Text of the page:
- Help by providing access to information – for instance, you can circumvent remoteness of communities by sharing your own personal information with the locals. One of our unofficial NGOs is run by a dynamic woman and she will introduce all kinds of current affairs into casual chat including first aid, earthquake behaviour, the hazards of dog faeces to babies etc.. She will quote stories from TV shows to illustrate behavioural problems and how to counteract them. She will let the group know when there are fiestas in town and the opportunity for the women to, say, market their homemade cakes there.
- Assist indigenous peoples to communicate in different media. Perhaps invest in a community phone, the internet or something that can be used specifically by the group to increase their links to the outside world.
- Assist indigenous peoples to understand what has to be done to achieve goals. Explain the stakeholders in your project and the hurdles they may face and how you can guide them through it.
- Learn their traditional knowledge and understand the strength of it. Once you have learnt it you can work it into your project and look for ways of harnessing it to find creative solutions. It may not be scientific to have a statue of the virgin on the back of the bus, but if it works for the driver, then don’t scoff. You are not selling out to allow the locals to retain their beliefs. Re-orient your beliefs into some form of respect for their ancient, often nature-based beliefs.
- You need to understand that your values may not necessarily be the same (even remotely) as those of the indigenous culture you are helping. The preserving of the environment, culture, human rights, or health may just be matters of ‘faith’ to these people who may belief that their future is totally in the hands of a deity or some other spirit. This may lead to moral quandaries on your own part. For instance, if you are aiming to prevent cruelty to animals, how can you stop traditional hunting practices which may be the only food source of the community? Are you prepared to stop a project from going ahead that a traditional community feels it needs and wants, even though there will be some damage to the environment? Some Australian aboriginal communities in the yellow Sickness country (uranium) have had to think carefully about this problem!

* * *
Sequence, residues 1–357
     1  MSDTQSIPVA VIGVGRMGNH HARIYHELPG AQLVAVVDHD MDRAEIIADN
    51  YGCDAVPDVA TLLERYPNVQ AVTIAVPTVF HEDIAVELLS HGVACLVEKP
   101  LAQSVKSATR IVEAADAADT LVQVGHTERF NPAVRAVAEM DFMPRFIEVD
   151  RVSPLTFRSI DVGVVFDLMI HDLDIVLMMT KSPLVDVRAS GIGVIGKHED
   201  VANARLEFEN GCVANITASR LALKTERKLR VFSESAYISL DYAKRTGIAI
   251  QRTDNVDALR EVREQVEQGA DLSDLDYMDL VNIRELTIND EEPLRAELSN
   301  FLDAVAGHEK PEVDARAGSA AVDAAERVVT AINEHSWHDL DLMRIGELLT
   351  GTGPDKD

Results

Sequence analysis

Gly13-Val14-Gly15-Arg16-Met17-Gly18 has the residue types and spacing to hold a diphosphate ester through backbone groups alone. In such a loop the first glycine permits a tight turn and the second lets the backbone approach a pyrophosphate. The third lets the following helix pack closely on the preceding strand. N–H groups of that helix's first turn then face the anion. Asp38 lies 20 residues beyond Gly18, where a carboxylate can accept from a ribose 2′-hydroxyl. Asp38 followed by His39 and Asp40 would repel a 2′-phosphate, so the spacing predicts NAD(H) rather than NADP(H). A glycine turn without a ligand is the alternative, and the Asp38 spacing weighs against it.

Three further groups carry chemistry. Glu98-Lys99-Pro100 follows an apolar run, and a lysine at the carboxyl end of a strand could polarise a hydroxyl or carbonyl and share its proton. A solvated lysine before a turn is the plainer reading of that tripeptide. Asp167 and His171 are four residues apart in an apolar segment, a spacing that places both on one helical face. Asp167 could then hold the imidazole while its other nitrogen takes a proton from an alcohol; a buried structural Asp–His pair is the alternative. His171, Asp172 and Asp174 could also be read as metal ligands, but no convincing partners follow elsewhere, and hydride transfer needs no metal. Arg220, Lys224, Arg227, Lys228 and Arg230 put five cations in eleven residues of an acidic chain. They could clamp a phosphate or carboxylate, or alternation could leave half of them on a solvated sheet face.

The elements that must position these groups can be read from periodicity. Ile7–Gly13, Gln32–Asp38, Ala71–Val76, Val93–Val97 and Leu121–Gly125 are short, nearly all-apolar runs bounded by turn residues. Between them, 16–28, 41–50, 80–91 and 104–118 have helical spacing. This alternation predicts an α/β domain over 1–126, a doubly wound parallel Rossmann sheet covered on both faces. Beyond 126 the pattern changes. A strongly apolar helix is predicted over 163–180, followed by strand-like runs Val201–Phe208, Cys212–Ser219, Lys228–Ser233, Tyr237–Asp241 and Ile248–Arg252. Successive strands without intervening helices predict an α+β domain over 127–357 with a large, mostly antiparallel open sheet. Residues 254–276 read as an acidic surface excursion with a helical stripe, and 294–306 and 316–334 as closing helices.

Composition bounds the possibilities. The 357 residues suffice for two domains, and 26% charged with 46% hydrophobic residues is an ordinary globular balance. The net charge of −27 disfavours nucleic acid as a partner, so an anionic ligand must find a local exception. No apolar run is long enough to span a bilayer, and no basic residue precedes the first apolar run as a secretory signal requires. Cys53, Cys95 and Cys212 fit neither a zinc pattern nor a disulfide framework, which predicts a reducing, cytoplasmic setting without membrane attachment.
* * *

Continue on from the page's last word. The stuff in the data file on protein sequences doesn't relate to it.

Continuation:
The highest priority should be the lives and long-term welfare of the community.
The NGO needs to represent the community for whom it has been set up. You are not there as Lord or Lady Bountiful, swanning in from the 1st world to teach these natives a thing or two! Make sure that all your members understand this, consult with the locals, agree on what actions you can take or are expected to take and where your authority should cease. Explain what skills you can offer and make sure they are welcome. Do not be an intruder.
‘Save the Children’ is a good model especial in Australia where they are in constant consultation with local community groups and individuals to canvass opinions and just chat before taking any action that may change things. Change MUST come from within.
In many cultures it is inappropriate for men to communicate directly with women on business matters and NGO teams can often be set up in ways that don’t allow men to take action due to their custom or religion. Be aware of this. But women are always a valuable resource in effecting real change.
If you enlist locals you will give the community a far wider power base which makes action more effective and the longevity of the project has more surety. Give that power over as soon as you can! Make it a permanent thing by say, making them office-bearers, publicise this list. For instance, in our clean-up campaign, we are trying to enlist one leader per town block to be ‘in charge’. Their names will be well-known and our communication will happen through these leaders.
You can read more in great detail at the site below which I just stumbled on and is a great list:
Most of my notes have come from various conferences on HIV/Aids and research associated with other NGOs.
Good luck with your project! Keep us posted on how it is going.